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The General Agreement on Tariffs and Trade (GATT) was a treaty created after World War II that regulated world trade in an effort to aide economic recovery.

GATT’s main objective was to remove barriers blocking international trade by reducing tariffs, quotas and subsidies.

World trade remained unregulated after World War I, which some argue helped cause the Second World War. Essentially, GATT established a code of conduct for multinational companies engaged in importing and exporting. Each member nation was expected to equally open its markets to every other member nation, without discrimination.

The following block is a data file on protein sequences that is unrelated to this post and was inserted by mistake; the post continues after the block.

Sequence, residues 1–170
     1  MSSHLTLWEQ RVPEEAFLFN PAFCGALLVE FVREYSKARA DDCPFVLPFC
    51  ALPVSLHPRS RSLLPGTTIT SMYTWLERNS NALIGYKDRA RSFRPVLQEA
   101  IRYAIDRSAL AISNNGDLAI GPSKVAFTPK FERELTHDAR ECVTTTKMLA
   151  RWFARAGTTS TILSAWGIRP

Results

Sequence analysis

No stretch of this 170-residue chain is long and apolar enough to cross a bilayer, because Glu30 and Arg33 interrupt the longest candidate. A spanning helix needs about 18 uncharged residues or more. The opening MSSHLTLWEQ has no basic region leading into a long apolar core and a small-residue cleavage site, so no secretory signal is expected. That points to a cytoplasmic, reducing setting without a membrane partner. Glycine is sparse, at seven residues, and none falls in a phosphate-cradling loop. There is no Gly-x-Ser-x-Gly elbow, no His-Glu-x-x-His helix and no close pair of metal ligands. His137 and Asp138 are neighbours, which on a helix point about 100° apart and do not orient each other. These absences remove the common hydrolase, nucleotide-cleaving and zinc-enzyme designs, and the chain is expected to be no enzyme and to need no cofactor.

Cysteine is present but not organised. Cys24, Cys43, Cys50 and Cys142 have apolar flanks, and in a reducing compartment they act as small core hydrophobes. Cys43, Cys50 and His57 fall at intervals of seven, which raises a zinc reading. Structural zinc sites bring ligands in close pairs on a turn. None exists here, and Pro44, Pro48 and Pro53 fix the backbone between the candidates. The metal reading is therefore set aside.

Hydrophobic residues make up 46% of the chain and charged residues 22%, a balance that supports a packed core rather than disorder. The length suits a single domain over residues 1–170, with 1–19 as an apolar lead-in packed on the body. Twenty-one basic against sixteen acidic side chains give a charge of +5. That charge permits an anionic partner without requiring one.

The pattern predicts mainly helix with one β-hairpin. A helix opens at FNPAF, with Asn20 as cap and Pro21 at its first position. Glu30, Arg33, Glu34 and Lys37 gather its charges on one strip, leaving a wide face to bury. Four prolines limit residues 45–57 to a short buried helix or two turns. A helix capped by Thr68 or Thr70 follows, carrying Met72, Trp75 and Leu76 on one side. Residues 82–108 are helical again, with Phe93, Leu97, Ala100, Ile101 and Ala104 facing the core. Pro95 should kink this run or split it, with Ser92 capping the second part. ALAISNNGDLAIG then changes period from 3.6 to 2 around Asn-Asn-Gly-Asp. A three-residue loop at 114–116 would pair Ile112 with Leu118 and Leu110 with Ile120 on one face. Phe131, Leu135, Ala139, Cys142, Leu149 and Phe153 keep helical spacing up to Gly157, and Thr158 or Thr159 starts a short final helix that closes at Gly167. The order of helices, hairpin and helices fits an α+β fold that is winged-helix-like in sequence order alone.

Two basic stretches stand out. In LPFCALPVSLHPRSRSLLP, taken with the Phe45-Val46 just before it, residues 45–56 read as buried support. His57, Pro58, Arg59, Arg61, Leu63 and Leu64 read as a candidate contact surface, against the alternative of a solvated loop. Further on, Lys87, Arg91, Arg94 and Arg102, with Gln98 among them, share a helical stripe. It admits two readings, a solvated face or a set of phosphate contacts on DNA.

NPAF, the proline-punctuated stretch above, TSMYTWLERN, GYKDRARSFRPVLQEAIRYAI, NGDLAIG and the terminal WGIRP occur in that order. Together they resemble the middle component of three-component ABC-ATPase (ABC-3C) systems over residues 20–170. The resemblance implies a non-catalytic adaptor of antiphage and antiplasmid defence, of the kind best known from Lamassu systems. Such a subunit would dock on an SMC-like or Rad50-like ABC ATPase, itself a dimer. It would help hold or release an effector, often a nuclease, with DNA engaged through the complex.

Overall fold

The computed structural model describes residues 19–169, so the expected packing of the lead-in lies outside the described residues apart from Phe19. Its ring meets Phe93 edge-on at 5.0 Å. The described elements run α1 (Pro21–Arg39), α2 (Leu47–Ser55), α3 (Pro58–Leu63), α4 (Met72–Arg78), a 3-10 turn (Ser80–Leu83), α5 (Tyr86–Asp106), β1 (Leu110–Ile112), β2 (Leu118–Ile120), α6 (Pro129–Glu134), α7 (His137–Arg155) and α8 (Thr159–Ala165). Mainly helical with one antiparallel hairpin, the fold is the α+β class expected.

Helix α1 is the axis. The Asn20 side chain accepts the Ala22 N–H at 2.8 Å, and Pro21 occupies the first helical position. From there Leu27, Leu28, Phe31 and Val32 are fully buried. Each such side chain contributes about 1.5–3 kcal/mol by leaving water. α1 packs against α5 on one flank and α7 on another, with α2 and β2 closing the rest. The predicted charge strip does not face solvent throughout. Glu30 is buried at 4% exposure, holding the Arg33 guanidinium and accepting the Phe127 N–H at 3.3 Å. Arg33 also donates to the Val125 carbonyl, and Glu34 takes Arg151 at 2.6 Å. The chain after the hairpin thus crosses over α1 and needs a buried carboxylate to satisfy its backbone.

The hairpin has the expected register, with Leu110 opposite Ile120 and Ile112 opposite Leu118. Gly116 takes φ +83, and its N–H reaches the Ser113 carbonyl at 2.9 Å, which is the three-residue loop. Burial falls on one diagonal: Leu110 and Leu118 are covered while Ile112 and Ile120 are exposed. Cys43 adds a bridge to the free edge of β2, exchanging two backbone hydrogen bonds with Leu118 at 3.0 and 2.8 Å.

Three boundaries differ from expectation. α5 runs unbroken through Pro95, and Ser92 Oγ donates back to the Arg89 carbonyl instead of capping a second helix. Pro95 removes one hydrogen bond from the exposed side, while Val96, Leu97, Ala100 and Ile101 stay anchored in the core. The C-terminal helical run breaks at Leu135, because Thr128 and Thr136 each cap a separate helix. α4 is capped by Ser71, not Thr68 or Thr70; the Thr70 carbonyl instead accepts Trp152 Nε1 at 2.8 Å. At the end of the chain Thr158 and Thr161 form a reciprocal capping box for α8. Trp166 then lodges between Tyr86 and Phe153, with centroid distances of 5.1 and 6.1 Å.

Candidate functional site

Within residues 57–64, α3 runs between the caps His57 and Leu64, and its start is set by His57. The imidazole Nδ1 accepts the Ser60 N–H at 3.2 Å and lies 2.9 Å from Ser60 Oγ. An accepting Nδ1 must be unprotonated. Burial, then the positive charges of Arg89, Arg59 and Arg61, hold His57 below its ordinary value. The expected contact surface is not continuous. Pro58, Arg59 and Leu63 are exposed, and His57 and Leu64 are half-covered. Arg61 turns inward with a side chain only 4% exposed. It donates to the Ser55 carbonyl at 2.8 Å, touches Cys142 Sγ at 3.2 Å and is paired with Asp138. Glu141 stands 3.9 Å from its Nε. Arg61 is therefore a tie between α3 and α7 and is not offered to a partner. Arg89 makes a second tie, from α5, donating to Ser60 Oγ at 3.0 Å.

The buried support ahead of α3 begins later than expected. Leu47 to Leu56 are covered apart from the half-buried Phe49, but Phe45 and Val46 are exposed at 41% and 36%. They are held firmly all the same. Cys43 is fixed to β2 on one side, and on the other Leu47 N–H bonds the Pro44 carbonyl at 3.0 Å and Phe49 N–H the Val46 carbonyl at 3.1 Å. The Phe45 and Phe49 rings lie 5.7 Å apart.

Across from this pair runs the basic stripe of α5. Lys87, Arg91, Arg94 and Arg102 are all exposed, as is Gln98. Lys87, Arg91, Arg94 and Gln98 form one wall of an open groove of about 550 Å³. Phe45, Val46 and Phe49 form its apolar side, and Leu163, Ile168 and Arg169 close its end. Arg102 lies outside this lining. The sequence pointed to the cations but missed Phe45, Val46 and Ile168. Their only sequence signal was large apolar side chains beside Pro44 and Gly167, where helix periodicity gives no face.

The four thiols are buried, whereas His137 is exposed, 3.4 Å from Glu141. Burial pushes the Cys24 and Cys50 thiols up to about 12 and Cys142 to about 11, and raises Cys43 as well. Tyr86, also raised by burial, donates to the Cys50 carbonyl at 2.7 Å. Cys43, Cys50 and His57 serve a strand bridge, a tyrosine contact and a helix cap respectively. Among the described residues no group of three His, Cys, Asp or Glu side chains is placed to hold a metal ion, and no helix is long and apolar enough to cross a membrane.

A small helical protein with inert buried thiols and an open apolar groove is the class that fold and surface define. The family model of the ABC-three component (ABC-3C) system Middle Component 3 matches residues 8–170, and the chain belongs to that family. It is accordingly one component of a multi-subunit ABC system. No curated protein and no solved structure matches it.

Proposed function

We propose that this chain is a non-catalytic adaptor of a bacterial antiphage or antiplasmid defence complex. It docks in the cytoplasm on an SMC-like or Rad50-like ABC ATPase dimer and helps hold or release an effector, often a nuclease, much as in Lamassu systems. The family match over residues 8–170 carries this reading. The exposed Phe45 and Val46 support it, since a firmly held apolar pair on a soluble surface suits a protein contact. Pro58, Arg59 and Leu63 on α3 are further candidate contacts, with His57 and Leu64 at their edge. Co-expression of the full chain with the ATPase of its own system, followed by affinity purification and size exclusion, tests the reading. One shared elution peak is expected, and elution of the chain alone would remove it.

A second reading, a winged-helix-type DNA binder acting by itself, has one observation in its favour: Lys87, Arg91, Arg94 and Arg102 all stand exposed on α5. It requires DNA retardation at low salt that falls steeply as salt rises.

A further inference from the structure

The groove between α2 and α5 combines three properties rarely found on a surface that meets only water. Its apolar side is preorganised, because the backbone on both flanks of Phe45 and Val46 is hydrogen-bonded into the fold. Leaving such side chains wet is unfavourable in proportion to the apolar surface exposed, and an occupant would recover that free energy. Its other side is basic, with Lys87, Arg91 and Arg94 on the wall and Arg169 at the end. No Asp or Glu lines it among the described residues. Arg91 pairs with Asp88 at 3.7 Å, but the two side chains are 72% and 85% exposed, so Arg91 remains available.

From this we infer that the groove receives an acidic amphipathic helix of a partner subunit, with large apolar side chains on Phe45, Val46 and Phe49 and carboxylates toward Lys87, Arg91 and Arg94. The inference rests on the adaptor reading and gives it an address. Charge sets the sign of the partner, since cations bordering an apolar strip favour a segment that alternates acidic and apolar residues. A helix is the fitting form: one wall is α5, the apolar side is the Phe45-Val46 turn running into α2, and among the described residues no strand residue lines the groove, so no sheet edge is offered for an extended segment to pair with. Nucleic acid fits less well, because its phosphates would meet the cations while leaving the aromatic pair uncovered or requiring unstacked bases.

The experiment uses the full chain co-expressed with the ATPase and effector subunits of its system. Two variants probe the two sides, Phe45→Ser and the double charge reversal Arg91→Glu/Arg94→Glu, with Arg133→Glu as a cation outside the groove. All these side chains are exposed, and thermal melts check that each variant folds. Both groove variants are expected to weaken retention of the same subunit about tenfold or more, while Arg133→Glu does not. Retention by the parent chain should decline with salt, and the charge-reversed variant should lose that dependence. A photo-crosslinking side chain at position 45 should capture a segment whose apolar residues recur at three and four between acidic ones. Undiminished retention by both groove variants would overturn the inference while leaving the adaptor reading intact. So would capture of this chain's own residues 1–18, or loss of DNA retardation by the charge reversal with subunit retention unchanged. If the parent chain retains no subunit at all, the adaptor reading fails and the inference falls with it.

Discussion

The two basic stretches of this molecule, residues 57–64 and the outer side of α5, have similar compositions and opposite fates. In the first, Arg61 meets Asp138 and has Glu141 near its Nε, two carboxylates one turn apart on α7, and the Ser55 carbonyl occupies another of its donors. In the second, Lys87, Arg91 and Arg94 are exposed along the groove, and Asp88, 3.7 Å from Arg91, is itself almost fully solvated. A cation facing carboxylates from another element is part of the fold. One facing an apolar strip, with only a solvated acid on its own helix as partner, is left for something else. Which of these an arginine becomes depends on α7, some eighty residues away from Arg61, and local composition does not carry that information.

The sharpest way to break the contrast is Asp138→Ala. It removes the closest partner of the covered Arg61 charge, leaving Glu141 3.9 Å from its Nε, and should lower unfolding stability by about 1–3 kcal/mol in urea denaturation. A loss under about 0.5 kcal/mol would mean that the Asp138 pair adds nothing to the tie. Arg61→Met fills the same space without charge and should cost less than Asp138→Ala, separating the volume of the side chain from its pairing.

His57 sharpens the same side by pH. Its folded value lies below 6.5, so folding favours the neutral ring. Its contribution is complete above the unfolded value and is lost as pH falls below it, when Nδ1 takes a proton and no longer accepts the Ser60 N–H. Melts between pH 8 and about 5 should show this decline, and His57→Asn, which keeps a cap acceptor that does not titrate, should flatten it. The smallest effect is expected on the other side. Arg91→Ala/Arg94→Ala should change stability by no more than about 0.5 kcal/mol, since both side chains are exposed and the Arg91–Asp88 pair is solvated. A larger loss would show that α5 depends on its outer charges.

GATT was signed into international law on January 1, 1948, and included 23 countries. It was first intended to be an interim agreement, but it remained in place and active until the World Trade Organization replaced it in 1995. One hundred and twenty five nations signed on with the World Trade Organization, constituting more than 90% of the world’s trade.

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